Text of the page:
In a bedroom, the bed is the obvious focal point due to it being the piece that fits the main function of the space and its size in relation to the other furniture. When you center it in the room rather than pushing it up against a wall, you’re adding to its prominence even further. Balance the bed by carefully arranging the remaining furniture around it. To avoid spending hours moving heavy dressers and chairs around, input the room’s dimension into a virtual room planner and come up with a few proposed layouts first.
Keeping the natural pathways in the room clear is essential to a cohesive design. With the bed in the center of the room, you’ll need to maintain a minimum of 24-inches of clear space around it. Center the bed so that it doesn’t block any doorways, especially the entrance and, if applicable, the door to the bathroom. Keep these walkways in mind when placing the rest of your furniture as well; even the edge of a dresser encroaching on the open path between the entrance door and the bed makes the space feel cramped and poorly laid out.
Positioning Furniture Around the Bed
There is a reason that bedside tables are placed on either side of a bed: coupled with the headboard, it creates a triangular shape that’s pleasing to the eye. Float the side tables along with the bed to anchor it, or opt for a headboard that is wider than the mattress. Have wiring run to the underside of the bed for lamps. Most head boards aren’t meant to be seen from behind, so place a long console table, shelving, small sofa or a dresser behind the bed for a finished look. Between the headboard and the furniture placed behind the bed you create a semi-built-in look that fits well with traditional decor. If you prefer a minimalist approach, a platform bed floating with low profile nightstands, or no side tables at all, is crisp and simple.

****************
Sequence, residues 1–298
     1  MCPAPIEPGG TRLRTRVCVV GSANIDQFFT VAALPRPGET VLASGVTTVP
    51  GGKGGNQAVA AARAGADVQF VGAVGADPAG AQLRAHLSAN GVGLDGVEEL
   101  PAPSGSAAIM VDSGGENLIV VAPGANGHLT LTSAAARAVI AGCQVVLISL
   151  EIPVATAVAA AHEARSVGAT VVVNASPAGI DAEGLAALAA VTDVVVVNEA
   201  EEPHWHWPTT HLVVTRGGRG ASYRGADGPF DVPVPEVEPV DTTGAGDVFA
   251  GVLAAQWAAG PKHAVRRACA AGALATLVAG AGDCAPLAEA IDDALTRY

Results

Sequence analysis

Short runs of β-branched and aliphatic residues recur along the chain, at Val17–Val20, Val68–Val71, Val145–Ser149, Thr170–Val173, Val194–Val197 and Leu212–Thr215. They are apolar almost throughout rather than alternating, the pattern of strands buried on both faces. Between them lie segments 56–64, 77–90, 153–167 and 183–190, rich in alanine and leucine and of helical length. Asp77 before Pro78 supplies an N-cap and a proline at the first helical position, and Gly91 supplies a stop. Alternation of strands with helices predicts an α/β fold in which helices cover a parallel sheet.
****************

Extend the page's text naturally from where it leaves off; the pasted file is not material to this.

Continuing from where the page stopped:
Avoiding a Boxy Look
When a bed floats, having too many pieces around the perimeter of the room can make the space feel closed in. Place a dresser or armoire inside of your closet to minimize the amount of pieces in the main living area. Tuck a taller chest in a corner and place a long, low dresser across from the bed or along a side wall if that works better with your layout. Leave as much wall space free as possible, angling out seating or even floating another piece if you have enough square footage.
Placing Remaining Furniture
Keep the space visually interesting and balanced by staggering the heights of the bedroom furniture as you create your layout. Instead of pairing two same-height chests adjacent to each other, place them on opposite sides of the room, with a lower profile piece, such as a chaise lounge or cedar chest, in between. This keeps the eye moving as it strays from the focal point of the bed, and prevents the space from feeling too “heavy” on one side.
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